Book Review: Hunger by Roxane Gay

Roxane Gay’s memoir Hunger is a startling, brutal, and deeply human account of her relationship with food. I found it to be an emotional read. It was beautiful, infuriating, heartbreaking, and incredibly eye-opening and powerful. I followed Dr Roxane Gay on Twitter long before I read any of her books. Her observations, opinions, and sharp replies always fascinated me. She says things so easily, exactly, and fearlessly – things I wanted to say and in a way I would if I wasn’t scared of confrontations. Hunger is the second book I’ve read of hers, and let me tell you, you need to read it. You might be one of the rare specimens who have a healthy relationship with your body and food. You still need to read it. “This is a popular notion, the idea that the fat among us are carrying a thin woman inside. Each time I see this particular commercial, I think, I ate that thin woman and she was delicious but unsatisfying.”  I love how she writes; her open vulnerability, and …

Kid with The Construction alphabet book and construction vehicle toys on the bed

5 Books for Kids Who Love Big Vehicles

My kid loves big vehicles. The biggest ones he’s seen are construction vehicles. He would sit and watch them work, full of amazement at how they moved.  I was surprised at how many things you can teach a young kid just by using different construction vehicles: Counting, rhyming, ABCs, and behaviour modelling.  We have been reading to our son since he was about 4 months old. We gave him picture board books to flip though and enacted some of the sentences. It’s never too early to start reading to them.  Here are some of our favourite construction-themed books. Little Blue Truck by Alice Schertle and Illustrations by Jill McElmurry This was one of the first books he enjoyed reading. He would point it out to us and we would read it to him.  The book talks about how we need to be kind to people around us. The catchy rhyme and the animal sounds make it fun to listen to since babies can try and mimic some of the sounds as well. My Big Truck …

2 books of Rumi's translated works by Farrukh Dhondy

The Poetry of Rumi: Book review of translations by Farrukh Dhondy

O pilgrim who visit the Holy Land I’ll show you heaven in a grain of sand Are you hooked already? You might have read many such snippets on Instagram and Pinterest. You might have even heard the poet’s name – Rumi. Jalaluddin Rumi was a spiritual master and poet who lived in 13th Century Tajikistan. His poetry has influenced literature in the region and now through some great translations, continue to inspire us. Farrukh Dhondy has translated some of them into a series of two books. Rumi A New Translation and Rumi: A New Collection I fell for the cover first of all, and the inside pages did not disappoint either. The poems are good…some are great. Dance when the bowl of soul is shattered Dance when you’ve nudged the blindfold off Dance when the battle was all that mattered Dance though the world stands by to scoff! The poems have a musical way to lure you in. These are not meant to be read in a single sitting. Instead read, and re-read at leisure, …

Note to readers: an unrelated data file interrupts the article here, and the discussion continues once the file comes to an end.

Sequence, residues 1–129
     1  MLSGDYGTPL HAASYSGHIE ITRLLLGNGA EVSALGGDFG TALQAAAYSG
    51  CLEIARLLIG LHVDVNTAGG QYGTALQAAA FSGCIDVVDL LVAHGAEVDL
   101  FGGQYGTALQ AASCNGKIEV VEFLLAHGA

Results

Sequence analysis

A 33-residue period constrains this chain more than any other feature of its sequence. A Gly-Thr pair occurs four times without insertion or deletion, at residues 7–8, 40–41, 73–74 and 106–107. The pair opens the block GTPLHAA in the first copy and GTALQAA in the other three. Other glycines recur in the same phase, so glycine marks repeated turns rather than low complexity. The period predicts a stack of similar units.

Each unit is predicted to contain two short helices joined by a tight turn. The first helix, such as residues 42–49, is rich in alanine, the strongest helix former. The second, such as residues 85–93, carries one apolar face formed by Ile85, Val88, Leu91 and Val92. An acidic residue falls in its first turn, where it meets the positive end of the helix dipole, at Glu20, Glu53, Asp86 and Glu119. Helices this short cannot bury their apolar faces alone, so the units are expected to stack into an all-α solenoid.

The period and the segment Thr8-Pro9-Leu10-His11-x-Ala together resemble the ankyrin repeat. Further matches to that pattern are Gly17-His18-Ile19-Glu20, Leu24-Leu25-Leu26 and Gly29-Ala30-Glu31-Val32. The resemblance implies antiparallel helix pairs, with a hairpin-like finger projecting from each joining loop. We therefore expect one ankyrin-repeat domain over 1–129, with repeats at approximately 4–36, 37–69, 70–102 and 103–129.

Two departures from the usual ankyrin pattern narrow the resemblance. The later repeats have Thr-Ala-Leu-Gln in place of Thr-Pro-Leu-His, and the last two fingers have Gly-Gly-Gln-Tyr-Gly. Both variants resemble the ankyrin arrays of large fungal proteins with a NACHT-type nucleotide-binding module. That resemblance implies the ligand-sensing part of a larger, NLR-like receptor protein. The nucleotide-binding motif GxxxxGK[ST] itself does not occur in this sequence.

Book on parenting kept with kids toys

Looking for some parenting advice? My top 3 books for parents

Becoming a parent is a wonderful and life changing experience. You have a new little person in your life, so there’s going to be changes in you as well. As a reader and seeker of information, I turned to books and the Internet to help me out during different stages of my parenting journey.  I am so grateful to be living in an age when so much information is available literally at my fingertips. These are some of the books that have broadened my parenting perspectives and helped me better connect with my child. What to expect: The First year by Heidi Murkoff This is of course the bible for every new parent. It gives suggestions from different parenting perspectives so you don’t feel your choices are wrong or something you need to feel guilty about.  It takes you through the different milestones each month. Your baby might reach them sooner or later but at least you’ll know what to expect and how to deal with it. It’s very detailed and that gives you a …